What is Diego Henge?

Recently, I was looking through Google Maps, virtually exploring the area near California State Route 94 near Jamul, and a place that I had never heard of before caught my eye. I saw it and thought to myself, what is Diego Henge? 

Well, there’s really only one way to find out. So, I jumped in the car and headed to San Diego’s backcountry to get a first-hand look at Diego Henge.

To get to where Diego Henge is said to be, I took California State Route 94, an extraordinary drive through a scenic and historic part of San Diego County. The highway follows roughly the same path that the old stagecoach road that was the primary route between San Diego and Yuma followed. Because of that, there are a lot of noteworthy and historic places along this highway, despite it only being about 60 miles in length.

I’m not quite sure that Diego Henge will be one of those places that people drive out to this area to see, however.

The real Stonehenge has a lot of legends and conspiracies associated with it, but I don’t think Diego Henge has been featured on Ancient Aliens just yet. Unlike the real Stonehenge or even Carhenge in Nebraska, it doesn’t look like Diego Henge is man-made or even alien-made; it is an act of nature. 

After leaving Highway 94 and traveling about four miles on local roads, we reached Diego Henge. While the rocks did look pretty cool, any comparisons to Stonehenge are quite a stretch.

Check out the full video on YouTube.

Like most hills in the area, the one Diego Henge occupies is covered with boulders. The rocks that makeup Diego Henge kind of look like fingers coming up through the ground to me. 

There is a perfectly reasonable explanation for boulders to end up like this, and it all has to do with the surface and subsurface weathering of a rising mass of granitic rock. Thousands and millions of years of water, both above ground and below it, have shaped these rocks.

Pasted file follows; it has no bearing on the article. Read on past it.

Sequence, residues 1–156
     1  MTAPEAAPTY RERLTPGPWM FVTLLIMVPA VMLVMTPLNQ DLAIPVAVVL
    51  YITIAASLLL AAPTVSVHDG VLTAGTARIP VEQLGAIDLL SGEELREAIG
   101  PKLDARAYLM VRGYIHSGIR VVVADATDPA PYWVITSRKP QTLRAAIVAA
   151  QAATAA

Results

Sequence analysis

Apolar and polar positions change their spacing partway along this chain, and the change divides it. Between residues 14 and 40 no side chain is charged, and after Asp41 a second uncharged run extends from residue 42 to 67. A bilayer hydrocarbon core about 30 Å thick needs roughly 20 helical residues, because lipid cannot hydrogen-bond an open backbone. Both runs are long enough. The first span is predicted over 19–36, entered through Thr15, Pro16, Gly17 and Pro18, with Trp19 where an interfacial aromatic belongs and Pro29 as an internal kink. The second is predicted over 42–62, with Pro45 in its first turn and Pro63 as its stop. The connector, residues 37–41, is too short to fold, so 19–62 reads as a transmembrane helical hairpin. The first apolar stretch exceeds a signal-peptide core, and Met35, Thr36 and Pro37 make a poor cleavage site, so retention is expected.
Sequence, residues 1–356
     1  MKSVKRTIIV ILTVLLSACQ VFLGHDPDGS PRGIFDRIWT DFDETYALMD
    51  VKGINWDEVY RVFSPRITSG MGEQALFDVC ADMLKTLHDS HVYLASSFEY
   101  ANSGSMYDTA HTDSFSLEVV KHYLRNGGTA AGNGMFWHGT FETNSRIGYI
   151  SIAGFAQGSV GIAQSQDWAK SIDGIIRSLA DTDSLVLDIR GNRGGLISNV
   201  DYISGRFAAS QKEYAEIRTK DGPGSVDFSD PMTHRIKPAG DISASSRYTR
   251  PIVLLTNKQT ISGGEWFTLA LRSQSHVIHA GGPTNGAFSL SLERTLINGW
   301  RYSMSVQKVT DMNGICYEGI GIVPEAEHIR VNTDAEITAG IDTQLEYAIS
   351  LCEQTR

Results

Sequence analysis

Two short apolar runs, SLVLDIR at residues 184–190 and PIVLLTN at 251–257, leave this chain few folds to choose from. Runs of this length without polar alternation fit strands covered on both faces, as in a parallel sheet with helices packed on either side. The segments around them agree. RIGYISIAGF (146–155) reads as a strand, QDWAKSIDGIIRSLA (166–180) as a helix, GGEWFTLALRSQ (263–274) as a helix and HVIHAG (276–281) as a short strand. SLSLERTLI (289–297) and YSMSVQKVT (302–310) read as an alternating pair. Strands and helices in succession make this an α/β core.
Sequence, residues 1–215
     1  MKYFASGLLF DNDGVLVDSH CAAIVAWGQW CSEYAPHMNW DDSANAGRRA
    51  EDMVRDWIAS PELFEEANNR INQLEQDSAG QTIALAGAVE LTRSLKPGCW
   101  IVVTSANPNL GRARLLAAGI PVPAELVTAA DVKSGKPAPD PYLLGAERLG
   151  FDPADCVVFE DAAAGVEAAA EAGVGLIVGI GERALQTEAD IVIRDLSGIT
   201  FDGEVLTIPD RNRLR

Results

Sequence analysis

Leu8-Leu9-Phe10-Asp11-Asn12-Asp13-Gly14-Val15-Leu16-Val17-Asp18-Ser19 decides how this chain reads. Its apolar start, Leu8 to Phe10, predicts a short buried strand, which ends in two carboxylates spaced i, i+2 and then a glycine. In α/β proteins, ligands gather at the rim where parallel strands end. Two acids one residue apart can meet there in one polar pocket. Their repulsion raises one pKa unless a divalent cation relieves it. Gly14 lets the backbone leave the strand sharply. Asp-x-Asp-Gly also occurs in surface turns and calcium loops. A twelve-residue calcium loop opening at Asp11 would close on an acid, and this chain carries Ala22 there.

There are a lot of hills and mountains in San Diego’s east county that are covered in boulders like this, which definitely isn’t unique. You don’t see a lot of boulders that look like pillars like these ones, though. It makes sense that rocks on the same hill would look similar, as they’d have all been subject to the same conditions over thousands of years.

I think the biggest mystery about Diego Henge is who put this on Google and why? I don’t believe Diego Henge is going to be competing with the San Diego Zoo or SeaWorld as a tourist destination any time soon.

If you want to check out Diego Henge for yourself, here are the GPS coordinates: 32.67719646930987, -116.73692535123739

It is located on private property, so please only view it from the road and respect the privacy of those living there.

A better option would be to continue east on California State Route 94 until you get to Campo. There, you can find the Pacific Southwest Railway Museum, the Gaskill Brothers Stone Store, and the Motor Transport Museum, as well as the remains of an old Army camp and one of the coolest-looking bridges in Southern California. Trust me, it’s far more interesting than Diego Henge.

And if you really want to see something Stonehenge like in the San Diego area, you can always check out the benches that make a “mini-Stonehenge” in Coronado.

Update: The listing for Diego Henge has been removed from Google Maps.

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